Today’s first small-cap winner is miner Zanaga Iron Ore (LSE: ZIOC). Zanaga’s share price has pushed higher by around 7.4%, to 18.5p at the time of writing.
Zanaga’s strength can be attributed to the company’s revelation that management has received the mining licence for its flagship iron ore joint venture in the Republic of Congo.
This is great news for the company, as it removes another barrier to development of its highly attractive mining prospect.
However, Zanaga is yet to receive, or even secure, any funding for the development of the project, despite having mining behemoth Glencore in its corner, as a joint venture partner. It has been estimated that the first stage of mine development will cost Zanaga $2.2bn. So the company needs to get a financing package in place before further development.
That being said, Zanaga’s iron ore prospect is one of the largest in the world, with 2.5bn tons of high-quality probable iron ore reserves. The project’s production costs are also expected to be some of the lowest in the industry, at $32 per ton.
Zanaga is a risky bet, but the company has plenty of potential in the long term.
Today’s other small-cap winner is development-stage pharmaceutical company, Vernalis (LSE: VER). Vernalis’ share price has risen by around 11.9%, to 42.8p at time of writing.
Unfortunately, there appears to be no news from the company, which makes today’s rise suspect. However, it has been revealed that Aviva plc and its subsidiaries increased their shareholding in the company recently. Aviva’s holding has risen above 5%.
Further, City analysts have recently increased their price target for Vernalis, with Canaccord Genuity advising its clients to ‘buy’ with a price target of 54p.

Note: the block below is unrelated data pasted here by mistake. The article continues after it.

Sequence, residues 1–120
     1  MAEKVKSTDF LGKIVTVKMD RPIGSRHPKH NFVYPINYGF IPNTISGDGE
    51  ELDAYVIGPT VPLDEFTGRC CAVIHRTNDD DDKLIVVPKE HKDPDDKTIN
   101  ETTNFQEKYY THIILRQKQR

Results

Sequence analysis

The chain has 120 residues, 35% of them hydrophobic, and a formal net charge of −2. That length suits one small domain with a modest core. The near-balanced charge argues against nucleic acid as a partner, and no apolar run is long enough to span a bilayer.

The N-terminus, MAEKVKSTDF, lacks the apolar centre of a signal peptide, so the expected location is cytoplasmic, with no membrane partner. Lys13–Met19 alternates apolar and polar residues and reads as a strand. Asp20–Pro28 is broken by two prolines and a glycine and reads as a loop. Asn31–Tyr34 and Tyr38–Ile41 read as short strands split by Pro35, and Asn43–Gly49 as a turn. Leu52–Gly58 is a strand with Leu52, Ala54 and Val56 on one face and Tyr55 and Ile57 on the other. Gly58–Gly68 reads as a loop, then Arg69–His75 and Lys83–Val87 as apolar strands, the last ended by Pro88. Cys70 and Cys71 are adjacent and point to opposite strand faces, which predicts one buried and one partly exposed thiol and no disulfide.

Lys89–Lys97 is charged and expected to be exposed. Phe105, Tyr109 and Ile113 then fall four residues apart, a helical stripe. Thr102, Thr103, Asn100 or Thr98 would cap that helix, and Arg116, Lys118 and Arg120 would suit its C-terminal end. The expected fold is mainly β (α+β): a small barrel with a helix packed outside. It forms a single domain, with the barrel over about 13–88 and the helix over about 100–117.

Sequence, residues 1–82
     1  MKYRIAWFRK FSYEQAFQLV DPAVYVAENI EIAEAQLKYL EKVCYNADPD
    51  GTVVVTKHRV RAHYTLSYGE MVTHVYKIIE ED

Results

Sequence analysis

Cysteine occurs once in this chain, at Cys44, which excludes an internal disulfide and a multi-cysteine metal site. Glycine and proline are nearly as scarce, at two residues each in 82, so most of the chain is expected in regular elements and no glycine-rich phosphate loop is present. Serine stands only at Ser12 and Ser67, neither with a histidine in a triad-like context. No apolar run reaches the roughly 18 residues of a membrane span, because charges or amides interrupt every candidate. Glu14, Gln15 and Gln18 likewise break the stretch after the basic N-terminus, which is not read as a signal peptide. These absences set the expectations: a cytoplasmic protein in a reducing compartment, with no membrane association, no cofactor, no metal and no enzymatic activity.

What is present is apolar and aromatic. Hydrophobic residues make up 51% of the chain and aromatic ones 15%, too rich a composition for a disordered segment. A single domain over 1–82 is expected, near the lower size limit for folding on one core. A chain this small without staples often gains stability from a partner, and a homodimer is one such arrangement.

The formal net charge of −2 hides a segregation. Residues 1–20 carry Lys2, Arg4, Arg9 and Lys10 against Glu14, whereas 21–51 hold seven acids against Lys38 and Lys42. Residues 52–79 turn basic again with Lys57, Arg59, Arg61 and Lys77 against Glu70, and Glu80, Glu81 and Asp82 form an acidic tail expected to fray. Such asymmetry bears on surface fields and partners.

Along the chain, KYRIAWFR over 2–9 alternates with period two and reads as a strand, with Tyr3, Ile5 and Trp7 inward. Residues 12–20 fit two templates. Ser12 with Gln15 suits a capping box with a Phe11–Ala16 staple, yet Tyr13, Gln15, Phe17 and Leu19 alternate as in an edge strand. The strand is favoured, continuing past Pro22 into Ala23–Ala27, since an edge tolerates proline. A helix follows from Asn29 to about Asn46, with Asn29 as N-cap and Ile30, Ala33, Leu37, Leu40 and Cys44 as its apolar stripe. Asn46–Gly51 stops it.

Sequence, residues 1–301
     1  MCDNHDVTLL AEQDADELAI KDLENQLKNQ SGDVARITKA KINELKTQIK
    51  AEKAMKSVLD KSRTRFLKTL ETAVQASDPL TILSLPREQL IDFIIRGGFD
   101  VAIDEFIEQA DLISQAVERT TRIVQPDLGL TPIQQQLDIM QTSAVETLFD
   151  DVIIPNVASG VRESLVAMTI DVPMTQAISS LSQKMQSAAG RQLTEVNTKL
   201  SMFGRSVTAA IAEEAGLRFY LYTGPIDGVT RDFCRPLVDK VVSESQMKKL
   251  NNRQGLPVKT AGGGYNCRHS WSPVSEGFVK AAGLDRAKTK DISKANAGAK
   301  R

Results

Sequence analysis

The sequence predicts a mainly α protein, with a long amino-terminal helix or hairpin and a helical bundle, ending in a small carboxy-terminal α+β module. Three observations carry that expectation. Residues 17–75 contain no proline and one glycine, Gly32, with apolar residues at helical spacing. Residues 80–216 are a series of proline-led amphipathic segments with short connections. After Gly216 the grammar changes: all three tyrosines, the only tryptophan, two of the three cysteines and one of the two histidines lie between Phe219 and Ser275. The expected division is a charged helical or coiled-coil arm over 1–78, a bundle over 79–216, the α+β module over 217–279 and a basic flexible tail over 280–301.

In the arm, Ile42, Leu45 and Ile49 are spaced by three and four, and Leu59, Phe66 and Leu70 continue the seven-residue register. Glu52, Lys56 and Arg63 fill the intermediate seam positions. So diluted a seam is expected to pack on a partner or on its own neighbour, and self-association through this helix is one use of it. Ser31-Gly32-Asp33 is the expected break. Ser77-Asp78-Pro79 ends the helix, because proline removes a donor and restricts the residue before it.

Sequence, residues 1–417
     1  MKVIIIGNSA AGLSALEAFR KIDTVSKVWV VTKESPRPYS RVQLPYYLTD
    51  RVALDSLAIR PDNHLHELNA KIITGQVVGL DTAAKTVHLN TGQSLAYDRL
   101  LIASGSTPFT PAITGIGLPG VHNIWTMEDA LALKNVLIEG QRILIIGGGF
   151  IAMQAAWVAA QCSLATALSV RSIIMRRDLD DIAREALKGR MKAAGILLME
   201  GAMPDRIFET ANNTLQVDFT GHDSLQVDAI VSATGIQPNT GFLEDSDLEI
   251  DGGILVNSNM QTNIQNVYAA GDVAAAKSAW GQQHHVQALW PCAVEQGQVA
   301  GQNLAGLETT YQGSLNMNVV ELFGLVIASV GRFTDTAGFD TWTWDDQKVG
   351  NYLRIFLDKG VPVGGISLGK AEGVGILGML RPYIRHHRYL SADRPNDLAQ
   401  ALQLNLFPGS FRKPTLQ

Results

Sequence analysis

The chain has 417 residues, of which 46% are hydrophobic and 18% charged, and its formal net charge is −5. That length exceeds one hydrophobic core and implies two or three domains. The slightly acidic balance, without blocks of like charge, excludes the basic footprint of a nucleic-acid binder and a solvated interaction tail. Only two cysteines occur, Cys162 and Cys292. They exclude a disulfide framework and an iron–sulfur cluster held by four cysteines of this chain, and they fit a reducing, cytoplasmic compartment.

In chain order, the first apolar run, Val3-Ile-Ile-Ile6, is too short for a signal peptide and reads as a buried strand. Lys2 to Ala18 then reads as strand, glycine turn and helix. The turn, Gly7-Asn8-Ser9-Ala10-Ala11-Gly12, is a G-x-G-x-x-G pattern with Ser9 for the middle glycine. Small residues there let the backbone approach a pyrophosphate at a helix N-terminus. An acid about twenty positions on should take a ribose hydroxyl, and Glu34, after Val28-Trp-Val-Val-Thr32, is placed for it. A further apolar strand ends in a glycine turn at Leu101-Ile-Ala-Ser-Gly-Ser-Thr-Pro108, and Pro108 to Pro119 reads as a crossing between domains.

However, it remains to be seen if Vernalis is actually worth holding. The company slipped into a loss during the first half of this year, as revenues fell 18% to £6.2m and research and development costs rose. For the first half, Vernalis reported a pre-tax loss of £4.6m, compared with a profit of £2.6m a year earlier.
Nevertheless, at the end of the first half the company reported a net cash balance of £25.4m and no debt. What’s more, the company has a promising pipeline of treatment under development, which could boost revenues in the future.
What to do
It’s up to you to decide whether you want to buy, sell or hold Zanga and Vernalis following today’s gains.
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Rupert Hargreaves has no position in any shares mentioned. The Motley Fool has no position in any of the shares mentioned. We Fools don't all hold the same opinions, but we all believe that considering a diverse range of insights makes us better investors.